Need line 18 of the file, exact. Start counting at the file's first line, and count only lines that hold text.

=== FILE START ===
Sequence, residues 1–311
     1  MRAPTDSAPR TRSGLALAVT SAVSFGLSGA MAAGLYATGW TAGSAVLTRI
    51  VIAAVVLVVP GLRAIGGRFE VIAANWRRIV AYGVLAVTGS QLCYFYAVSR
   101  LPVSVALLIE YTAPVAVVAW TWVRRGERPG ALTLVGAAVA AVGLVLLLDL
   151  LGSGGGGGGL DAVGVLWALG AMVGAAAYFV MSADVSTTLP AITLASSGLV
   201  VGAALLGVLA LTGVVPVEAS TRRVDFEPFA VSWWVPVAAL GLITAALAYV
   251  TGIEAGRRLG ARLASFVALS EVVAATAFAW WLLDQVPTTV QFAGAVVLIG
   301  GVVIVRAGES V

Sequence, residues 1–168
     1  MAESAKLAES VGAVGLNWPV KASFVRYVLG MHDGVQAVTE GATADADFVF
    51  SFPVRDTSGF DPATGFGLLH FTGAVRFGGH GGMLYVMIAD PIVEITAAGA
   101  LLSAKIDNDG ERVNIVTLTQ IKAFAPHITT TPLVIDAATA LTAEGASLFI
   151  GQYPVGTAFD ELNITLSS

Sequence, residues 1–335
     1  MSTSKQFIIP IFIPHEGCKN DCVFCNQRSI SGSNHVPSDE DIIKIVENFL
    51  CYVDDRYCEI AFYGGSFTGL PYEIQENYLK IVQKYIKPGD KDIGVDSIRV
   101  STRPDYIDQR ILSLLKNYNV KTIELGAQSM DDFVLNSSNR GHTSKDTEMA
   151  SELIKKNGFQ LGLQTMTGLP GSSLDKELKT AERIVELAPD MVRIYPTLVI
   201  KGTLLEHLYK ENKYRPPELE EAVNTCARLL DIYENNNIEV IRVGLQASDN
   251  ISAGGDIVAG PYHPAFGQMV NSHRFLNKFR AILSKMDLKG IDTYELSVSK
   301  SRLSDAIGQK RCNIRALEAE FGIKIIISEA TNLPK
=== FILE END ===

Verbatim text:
   151  SELIKKNGFQ LGLQTMTGLP GSSLDKELKT AERIVELAPD MVRIYPTLVI